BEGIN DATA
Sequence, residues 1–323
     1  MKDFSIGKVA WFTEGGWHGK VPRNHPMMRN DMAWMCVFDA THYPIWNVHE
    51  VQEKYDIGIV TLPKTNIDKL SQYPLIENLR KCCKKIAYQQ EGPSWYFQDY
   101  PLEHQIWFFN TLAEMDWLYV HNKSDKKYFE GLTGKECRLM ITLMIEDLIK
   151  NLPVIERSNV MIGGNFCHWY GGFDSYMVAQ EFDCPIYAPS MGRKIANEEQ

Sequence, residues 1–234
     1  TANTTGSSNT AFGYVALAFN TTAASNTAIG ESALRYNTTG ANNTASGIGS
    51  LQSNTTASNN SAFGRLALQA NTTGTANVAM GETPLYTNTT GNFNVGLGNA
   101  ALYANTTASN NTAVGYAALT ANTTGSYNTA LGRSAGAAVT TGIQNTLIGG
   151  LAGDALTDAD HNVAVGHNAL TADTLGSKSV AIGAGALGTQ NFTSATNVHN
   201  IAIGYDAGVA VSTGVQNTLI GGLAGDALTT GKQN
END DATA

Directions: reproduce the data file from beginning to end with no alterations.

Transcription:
Sequence, residues 1–323
     1  MKDFSIGKVA WFTEGGWHGK VPRNHPMMRN DMAWMCVFDA THYPIWNVHE
    51  VQEKYDIGIV TLPKTNIDKL SQYPLIENLR KCCKKIAYQQ EGPSWYFQDY
   101  PLEHQIWFFN TLAEMDWLYV HNKSDKKYFE GLTGKECRLM ITLMIEDLIK
   151  NLPVIERSNV MIGGNFCHWY GGFDSYMVAQ EFDCPIYAPS MGRKIANEEQ

Sequence, residues 1–234
     1  TANTTGSSNT AFGYVALAFN TTAASNTAIG ESALRYNTTG ANNTASGIGS
    51  LQSNTTASNN SAFGRLALQA NTTGTANVAM GETPLYTNTT GNFNVGLGNA
   101  ALYANTTASN NTAVGYAALT ANTTGSYNTA LGRSAGAAVT TGIQNTLIGG
   151  LAGDALTDAD HNVAVGHNAL TADTLGSKSV AIGAGALGTQ NFTSATNVHN
   201  IAIGYDAGVA VSTGVQNTLI GGLAGDALTT GKQN